As I was getting to the end of the recent book, I was buying books at my usual pace but not reading them (as that brainspace was completely taken up with reading my own draft or references for the draft).
Now the book is in and the summer has started, I felt excited to dive into all these books but I also felt stuck. I couldn’t get into gear, let alone find my groove.
So I rummaged around in my toolbox, and came up with this list of techniques. None of them are perfect, but little by little we are turning the dial back to reading.
Here I’m talking about that wider reading—books and articles that are intellectually challenging and somewhat related to our research or work, but not necessary for our day-to-day writing or teaching. These books have no deadlines attached, but they are interesting and broadening and inspiring in our work. Maybe other people are talking about them or they were loaned to us by a friend. I’m sure you have a pile of them too!
While I’m currently thinking about work-related non-fiction and poetry, you might also use these strategies to get into reading books for fun, or to make progress through your research pile!
1. Move the book off the bookshelf and next to your reading sofa.
I hope you have a comfortable chair where you read. One of my most prolific reading friends has a chaise longue in her office/studio. My mother has a teetering pile on her bedside table. I have piles all over the house for various moods. Moving a book at the top of one of these piles makes it more likely I’ll read it (and changing up the piles regularly makes it more likely I’ll find the book I do want to read).
2. Set up an elaborate reading destination
Set up my garden chair with cushions, snacks, drinks, the perfect amount of sun and shade. Or run myself a bath with a candle, plenty of hydration, beautiful scents and my reading glasses. Sometimes I’ll take a book to the pool or the bathhouse. It’s elaborate, it’s a luxury, it’s a destination. It takes as long to set up as to be there. It’s not that I’ll get a lot of reading done here, but that a really stuck book will get started, or continued, or finished.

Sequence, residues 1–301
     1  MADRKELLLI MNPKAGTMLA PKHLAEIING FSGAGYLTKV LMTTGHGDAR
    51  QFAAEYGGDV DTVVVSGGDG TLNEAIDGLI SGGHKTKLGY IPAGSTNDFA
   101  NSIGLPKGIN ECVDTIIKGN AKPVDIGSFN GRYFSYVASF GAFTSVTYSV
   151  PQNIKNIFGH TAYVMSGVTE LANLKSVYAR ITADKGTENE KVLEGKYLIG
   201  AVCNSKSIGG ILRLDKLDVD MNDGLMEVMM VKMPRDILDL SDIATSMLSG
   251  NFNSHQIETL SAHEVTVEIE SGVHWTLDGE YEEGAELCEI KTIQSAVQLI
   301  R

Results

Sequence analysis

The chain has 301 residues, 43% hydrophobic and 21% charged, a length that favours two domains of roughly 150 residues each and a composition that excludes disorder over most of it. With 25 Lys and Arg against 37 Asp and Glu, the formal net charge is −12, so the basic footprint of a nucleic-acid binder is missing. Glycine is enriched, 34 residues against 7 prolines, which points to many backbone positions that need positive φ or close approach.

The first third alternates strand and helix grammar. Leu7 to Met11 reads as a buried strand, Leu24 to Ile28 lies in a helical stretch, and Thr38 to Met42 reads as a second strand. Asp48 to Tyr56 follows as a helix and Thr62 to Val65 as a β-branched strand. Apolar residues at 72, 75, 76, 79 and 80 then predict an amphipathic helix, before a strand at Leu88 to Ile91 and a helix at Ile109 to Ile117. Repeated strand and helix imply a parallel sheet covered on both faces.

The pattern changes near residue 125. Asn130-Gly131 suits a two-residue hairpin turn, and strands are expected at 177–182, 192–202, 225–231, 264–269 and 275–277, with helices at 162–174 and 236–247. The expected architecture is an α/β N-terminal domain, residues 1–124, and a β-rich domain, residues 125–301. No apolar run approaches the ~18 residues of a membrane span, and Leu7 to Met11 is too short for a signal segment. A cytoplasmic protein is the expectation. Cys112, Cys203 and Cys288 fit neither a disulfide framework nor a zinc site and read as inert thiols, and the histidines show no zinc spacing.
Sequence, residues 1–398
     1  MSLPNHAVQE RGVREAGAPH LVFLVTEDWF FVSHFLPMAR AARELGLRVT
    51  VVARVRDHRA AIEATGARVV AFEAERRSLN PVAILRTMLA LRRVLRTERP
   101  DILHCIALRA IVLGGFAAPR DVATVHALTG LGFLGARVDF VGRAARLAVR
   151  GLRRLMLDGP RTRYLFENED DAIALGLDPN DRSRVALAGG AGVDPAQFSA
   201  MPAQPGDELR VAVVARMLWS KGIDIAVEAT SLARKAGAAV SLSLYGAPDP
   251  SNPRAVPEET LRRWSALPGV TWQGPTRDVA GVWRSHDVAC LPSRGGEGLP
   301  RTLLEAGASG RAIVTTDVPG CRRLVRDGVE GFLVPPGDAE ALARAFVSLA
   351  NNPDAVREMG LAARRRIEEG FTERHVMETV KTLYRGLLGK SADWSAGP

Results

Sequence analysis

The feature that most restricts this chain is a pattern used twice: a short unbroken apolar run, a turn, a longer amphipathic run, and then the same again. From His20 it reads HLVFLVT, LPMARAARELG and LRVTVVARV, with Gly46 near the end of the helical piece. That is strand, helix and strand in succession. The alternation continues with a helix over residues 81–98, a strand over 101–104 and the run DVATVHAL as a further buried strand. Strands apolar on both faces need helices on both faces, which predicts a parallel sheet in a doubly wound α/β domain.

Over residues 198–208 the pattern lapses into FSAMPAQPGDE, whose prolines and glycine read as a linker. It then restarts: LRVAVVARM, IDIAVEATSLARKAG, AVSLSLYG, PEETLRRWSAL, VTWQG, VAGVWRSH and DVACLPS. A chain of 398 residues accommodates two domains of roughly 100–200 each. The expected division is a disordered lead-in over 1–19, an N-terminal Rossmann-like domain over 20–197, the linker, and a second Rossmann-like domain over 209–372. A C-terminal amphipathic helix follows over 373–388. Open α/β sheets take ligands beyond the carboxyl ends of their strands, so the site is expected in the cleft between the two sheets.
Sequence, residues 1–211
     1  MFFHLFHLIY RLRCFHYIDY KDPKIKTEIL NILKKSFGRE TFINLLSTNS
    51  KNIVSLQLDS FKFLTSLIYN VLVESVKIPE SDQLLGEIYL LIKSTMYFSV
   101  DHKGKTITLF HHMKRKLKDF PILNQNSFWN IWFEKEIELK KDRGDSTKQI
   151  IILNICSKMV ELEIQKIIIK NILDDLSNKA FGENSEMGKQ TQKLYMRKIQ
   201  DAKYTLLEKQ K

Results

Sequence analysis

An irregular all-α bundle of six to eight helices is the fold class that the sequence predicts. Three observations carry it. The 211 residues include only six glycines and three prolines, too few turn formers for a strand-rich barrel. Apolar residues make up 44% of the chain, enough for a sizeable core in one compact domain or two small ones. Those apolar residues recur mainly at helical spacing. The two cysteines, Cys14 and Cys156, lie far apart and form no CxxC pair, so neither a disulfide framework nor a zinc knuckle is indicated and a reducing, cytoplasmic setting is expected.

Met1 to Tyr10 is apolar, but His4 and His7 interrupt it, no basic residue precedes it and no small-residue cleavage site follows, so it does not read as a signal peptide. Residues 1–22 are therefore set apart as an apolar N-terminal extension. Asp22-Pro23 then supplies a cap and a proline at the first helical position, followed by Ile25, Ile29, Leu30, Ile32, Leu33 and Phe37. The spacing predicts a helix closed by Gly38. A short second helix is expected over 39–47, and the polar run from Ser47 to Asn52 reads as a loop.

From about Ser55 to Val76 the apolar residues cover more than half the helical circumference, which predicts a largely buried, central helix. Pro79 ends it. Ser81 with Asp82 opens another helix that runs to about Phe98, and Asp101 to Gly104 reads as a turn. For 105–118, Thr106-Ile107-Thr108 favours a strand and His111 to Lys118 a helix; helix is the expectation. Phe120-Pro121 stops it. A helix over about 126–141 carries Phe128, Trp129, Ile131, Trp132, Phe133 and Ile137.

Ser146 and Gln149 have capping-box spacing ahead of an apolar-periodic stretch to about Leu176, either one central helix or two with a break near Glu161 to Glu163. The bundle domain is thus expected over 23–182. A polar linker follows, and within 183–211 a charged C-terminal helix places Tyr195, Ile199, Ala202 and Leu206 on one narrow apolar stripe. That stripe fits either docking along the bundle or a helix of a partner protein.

I’ve recently been travelling a lot for work, and aeroplanes and dining alone in restaurants are also excellent places for getting a book read.
A similar technique is to take a book I want to read to a library. Libraries are places for reading books, even if you haven’t borrowed the book from there. This is especially a technique I use for getting through difficult philosophy books.
3. Skip around in the book
Sometimes I can’t get started at the start, so I jump forward to a bit I am more interested in. After so much reading for duty, it’s helpful to remember that I can just read according to feelings, whims, or moods.
In the same way, I don’t always bother to finish books where I’ve got the gist and have had enough—it’s okay to be satisfied by just some of a book!
4. Have multiple books on the go
Currently I’m in the middle of a book of contemporary poetry, a book about Indigenous astronomy, and a book about Mexican vegetarian food. Having options makes it easier to find the book I’d like to read right now, which may not be what I wanted to read after breakfast or on the tram or after dinner.
5. Make sure you are rested
If my eyes are tired, my head is tired, and I’ve been reading too much—then I need to respect the resistance to reading as a signal that it’s time for a rest. For me, it’s usually about 2-4 weeks after a major project (like submitting a book) that I need to let my reading lie fallow. Because I recognise my pattern, I can tell when feeling ‘stuck’ is a sign to back off, and when I’m ready to read again but am just out of the habit and so I should work out how to break through.
6. Keep it moving
When I’m finding it hard to get unstuck, the most important strategy is dynamism. We are trying to overcome inertia, stuckness, the sticking point.
I know I love to read, so it’s just about getting over the hump, getting started. Eventually, I’ll have created a new groove where it’s easier to read than do anything else, where reading is frictionless as breathing air or drinking water. I’ll have other strategies when I’m in that space. But I’m not there now, so I need to move.
Reshuffle the book piles regularly, cycle through the strategies, drift around flicking through books, switch from paper to digital and back again, read for a few seconds, a few minutes, put the book back down, pick up something else this evening.
There is no habit, there is no routine yet, there is only the need to get a book open enough for my mind to spend some time inside and remember what it feels like to dive into a good read.
Lots of people lose their reading groove during semester, or while pursuing their PhD, or while dealing with mindfog, or as a result of the stress of the last few years. If that’s you, and you aren’t sure where to start, these tips might help you. (The major tips that other people recommend is audio books and reading aloud to another person, so try those too!)
If your festive season or summer break could be full of great reading, if only you could bring yourself to open the books and settle in—I hope this reflection inspired some strategies for getting your own reading unstuck!